As we’ve discussed, Weston has a large number of COVID cases. It’s not clear why this is the case: it could be density, income, an increased reliance on public transit, or just how diseases work.

I thought that I would try to puzzle out one of these variables. Of course, I’m neither an epidemiologist nor a statistician. But I am pretty handy with a spreadsheet!

And it looks to me like income and COVID prevalence have a loose relationship.

I compared the 2016 neighbourhood median pre-tax income and the COVID rate per 100,000 (to June 4, including public and institutional transmission).

As I suspected, the richest neighbourhoods have very little spread of COVID. This makes sense to me: people there drive, are spread out, and can work from home.

The highest COVID rates are in the poorer neighbourhoods—but not all poorer areas have high rates of transmission.

Income is far from the only explanation. The R² value is .14, suggesing that income explains 14% of the variance in COVID rates. But that’s not nothing, and you read it here first.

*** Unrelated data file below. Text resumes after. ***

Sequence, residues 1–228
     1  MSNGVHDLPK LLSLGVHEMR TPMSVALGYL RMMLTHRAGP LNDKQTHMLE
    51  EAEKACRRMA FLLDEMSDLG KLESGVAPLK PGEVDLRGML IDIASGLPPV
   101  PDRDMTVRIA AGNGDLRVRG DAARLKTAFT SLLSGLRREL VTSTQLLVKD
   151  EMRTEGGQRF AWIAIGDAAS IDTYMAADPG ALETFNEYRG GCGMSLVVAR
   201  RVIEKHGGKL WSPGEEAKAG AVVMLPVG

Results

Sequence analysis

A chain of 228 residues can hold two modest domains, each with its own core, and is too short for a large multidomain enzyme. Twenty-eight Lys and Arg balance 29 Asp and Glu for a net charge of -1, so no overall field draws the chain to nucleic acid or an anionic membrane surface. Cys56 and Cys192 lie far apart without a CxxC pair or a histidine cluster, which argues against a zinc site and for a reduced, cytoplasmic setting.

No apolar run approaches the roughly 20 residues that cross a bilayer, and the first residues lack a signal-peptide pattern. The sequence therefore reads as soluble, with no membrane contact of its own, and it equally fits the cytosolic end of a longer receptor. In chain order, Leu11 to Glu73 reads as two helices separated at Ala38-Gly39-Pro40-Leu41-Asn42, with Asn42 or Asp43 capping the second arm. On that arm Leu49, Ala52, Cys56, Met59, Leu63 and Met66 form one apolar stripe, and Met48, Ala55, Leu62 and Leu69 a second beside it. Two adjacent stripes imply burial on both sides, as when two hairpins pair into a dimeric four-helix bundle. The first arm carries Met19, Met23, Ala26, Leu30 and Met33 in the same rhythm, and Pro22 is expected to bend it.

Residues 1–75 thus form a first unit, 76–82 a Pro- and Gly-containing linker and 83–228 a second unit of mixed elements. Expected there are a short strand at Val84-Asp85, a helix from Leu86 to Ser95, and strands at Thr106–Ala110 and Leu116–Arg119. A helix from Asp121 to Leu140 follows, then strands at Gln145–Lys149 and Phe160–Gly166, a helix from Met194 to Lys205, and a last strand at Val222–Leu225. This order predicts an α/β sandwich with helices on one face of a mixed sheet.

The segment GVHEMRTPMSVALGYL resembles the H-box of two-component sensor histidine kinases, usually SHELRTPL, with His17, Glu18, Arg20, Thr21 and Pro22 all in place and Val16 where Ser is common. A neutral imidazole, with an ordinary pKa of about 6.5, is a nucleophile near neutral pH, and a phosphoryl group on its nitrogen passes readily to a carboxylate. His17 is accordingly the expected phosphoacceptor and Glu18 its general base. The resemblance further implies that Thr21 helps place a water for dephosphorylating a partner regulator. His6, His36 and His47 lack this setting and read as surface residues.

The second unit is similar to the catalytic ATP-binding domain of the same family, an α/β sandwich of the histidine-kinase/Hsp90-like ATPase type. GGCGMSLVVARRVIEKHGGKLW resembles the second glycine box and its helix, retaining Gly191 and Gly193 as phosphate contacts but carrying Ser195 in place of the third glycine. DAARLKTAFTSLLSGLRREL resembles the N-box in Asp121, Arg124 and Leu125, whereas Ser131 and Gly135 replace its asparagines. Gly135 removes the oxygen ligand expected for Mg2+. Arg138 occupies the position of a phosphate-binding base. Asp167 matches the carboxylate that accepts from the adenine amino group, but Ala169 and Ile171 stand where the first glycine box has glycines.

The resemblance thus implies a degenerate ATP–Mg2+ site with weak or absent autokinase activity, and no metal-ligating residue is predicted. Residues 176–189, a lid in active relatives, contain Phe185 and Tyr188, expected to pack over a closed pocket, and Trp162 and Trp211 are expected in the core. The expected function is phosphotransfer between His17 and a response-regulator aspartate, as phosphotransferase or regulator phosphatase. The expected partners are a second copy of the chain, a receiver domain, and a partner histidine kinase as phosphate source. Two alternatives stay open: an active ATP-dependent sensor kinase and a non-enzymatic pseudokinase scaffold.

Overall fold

Please feel free to check my work.

 

New bike shop in Weston

There’s a new little bike repair shop in Weston: Cheel’s Wheels.

Mark Cheel says “I was recently let go from my project management position due to COVID-19 and I figured, while I was on the job hunt, to get back to my roots and jump back into bicycle repair”, an industry he has more than a decade of experience in.

His prices are very fair: $30 for a tune-up, which includes a lube job, gears and brakes, wheel truing and a safety check. For $15 he’ll pick up or deliver, too.

And, because you can’t be too safe, he wipes down the bike before and after any repairs.

Call or text Mark at (416) 951-8950 if you have any questions.

Comal Y Canela fundraiser

You can help Comal Y Canela, the country’s best Mexican restaurant, raise money for its informal food bank, which hands out groceries no questions asked. If you have any money to spare, I know it will go a long way.